Exploring wild ski terrain in Canada's Bella Coola Valley
The remote Bella Coola valley in the British Columbia back country is home to some of Canada's wildest mountain terrain. Slopes are accessible largely by helicopter; giving strong skiers the descents of a lifetime.
“That was a first descent, mate!” announced our ski guide Pat Delaney with a wide grin: cue whoops and high fives all round after all, how often does a regular skier get to make a first descent? Carving down a ‘first descent’ on a never before-skied mountainside is exactly what you’d hope for from a heli-ski adventure.
Ours has begun with our skilled helicopter pilot Loran dropping us on a knife-edge ridge with the rear end of the aircraft hanging over a sheer drop. Scrabbling out onto the safe side of said drop into a blizzard of snow thrown up by the machine’s madly whirring rotor blades, we find ourselves on a snowbound saddle between Mount Fyles and Mongol Mountain in British Columbia’s Coastal Range.
After the helicopter has clattered off to wait for us on the Monarch Icefield 2,625 feet below, we’re left to take in a landscape that is truly otherworldly huge black crags and peaks thrusting up like mighty fangs above endless, blinding white glaciers, sparkling turquoise blue ice falls tumbling down their slopes and a total silence broken only by the occasional sough of an alpine breeze.
Clipping into our fat powder skis and donning our avalanche packs, we follow Pat as he traverses beneath Mongol Mountain’s south summit ready to descend the glacier flowing down its flanks. The slope is excitingly steep at first (Pat estimates around 38-40 degrees), and we spread out so each skier can draw their own line in the wide, open snowfield; I stay at the back, happy to let everyone disappear from sight so I can savour the sense of being totally alone in one of the wildest, most primeval environments I’ve ever encountered.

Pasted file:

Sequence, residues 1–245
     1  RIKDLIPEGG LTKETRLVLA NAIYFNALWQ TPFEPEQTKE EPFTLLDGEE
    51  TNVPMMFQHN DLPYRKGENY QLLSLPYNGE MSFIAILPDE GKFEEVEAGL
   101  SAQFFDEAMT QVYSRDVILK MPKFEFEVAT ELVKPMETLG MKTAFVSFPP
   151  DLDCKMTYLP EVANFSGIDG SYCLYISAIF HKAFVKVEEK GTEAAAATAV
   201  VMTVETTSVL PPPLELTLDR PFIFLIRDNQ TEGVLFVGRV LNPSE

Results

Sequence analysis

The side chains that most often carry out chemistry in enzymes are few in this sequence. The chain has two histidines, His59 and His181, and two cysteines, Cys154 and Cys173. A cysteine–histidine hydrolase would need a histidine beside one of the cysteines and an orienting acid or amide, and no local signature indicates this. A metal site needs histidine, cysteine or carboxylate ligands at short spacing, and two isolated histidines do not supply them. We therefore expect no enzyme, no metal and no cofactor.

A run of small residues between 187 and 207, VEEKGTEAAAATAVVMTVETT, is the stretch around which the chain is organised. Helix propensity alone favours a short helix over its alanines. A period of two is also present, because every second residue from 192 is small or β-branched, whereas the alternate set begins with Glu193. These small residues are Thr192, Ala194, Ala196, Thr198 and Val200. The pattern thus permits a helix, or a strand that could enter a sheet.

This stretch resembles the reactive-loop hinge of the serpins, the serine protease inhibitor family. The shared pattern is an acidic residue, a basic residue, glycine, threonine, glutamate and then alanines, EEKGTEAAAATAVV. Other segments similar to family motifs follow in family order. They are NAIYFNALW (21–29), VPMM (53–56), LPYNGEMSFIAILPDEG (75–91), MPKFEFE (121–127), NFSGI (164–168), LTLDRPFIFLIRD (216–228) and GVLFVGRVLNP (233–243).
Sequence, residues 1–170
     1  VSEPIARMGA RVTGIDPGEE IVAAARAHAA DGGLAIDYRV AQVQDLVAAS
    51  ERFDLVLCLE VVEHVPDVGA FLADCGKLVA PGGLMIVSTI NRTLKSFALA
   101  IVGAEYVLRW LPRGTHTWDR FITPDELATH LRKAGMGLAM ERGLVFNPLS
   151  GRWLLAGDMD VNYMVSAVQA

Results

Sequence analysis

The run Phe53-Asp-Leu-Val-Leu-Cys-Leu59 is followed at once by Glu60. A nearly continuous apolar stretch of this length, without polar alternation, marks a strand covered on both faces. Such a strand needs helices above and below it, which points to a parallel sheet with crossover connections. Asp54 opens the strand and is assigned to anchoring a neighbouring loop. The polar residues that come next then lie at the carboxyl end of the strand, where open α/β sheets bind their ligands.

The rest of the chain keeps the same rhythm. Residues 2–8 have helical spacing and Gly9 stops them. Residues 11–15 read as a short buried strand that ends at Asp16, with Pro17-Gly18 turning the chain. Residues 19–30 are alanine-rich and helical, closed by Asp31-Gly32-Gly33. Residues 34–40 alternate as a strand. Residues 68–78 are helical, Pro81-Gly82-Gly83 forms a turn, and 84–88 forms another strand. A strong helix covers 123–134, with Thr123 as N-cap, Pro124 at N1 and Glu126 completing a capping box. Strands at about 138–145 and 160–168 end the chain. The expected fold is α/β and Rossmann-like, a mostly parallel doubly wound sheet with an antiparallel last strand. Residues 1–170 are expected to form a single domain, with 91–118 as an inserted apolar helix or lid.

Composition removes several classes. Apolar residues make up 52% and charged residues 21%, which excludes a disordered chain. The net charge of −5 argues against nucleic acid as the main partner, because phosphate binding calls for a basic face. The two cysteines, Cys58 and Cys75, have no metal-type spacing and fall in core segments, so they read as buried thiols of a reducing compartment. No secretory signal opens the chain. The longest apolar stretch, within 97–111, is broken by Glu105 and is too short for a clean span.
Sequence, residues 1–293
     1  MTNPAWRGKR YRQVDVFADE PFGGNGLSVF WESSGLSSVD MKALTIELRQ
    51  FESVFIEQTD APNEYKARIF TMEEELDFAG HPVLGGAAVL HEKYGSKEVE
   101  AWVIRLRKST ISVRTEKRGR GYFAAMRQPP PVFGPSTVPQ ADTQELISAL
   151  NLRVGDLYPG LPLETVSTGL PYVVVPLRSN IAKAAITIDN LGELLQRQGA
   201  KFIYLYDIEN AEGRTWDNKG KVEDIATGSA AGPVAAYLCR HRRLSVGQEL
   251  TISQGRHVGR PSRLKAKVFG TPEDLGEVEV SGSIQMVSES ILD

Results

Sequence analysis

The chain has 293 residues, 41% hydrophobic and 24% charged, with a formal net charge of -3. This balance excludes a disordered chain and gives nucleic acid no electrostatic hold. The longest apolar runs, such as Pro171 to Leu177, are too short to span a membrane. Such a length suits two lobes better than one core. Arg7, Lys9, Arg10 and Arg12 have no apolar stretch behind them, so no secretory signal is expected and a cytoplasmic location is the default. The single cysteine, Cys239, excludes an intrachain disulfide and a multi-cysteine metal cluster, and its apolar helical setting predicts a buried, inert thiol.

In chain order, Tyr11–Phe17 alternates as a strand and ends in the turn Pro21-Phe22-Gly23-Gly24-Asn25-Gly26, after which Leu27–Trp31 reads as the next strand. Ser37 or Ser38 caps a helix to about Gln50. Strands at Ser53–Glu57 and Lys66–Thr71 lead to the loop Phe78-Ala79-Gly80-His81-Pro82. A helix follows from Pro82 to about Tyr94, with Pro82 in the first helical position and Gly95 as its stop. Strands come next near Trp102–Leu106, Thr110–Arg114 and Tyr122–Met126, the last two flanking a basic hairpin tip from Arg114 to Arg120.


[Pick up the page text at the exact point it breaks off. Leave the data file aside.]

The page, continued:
The afternoon sun has warmed the slope. As I set off downhill my skis slice through butter-soft ‘corn snow’ (so-named for the granular quality that happens to snow when it becomes soft and forgiving, but not too wet and slushy). The turns are easy, so there’s ample opportunity to glance across to my left at glinting blue seracs where the glacier spills over a steeper section of the slope.
It’s impossible to resist a holler of sheer elation. Eventually the angle of the slope lessens, and we all came to a halt beside Pat, which is when we discover that, to his knowledge, this is the first time the slope has ever been skied.
As Wikipedia points out with a certain degree of understatement, “the Monarch Icefield is very remote and is rarely visited.” Unless you have a helicopter, this is essentially inaccessible terrain; indeed, many of the mountain peaks surrounding our anonymous slope are similarly yet to be named. We christen the ‘run with no name’ over beers at our rustic-luxe ski base, Tweedsmuir Park Lodge, a former hunting and fishing lodge deep in the Great Bear Rainforest, safe in the knowledge that for your average experienced skier this is as good as it gets.
Glaciers, couloirs & hidden valleys
Our first descent is just one of the innumerable highlights of a trip to Bella Coola, a valley deep in British Columbia’s wilderness, some 100 miles from Central Coast. Organised by tailor-made tour operator Mabey Ski, my trip starts with a two-day ‘Steep and Deep’ camp in Whistler, getting my rusty legs and technique in shape. According to company founder, Nickie Mabey, the programme was created “to give guests the opportunity to fine-tune their powder skiing before jumping straight into a heli-skiing week”. And I’m glad of it, not least since it helps build my confidence before tackling some of the most exciting skiing of my life.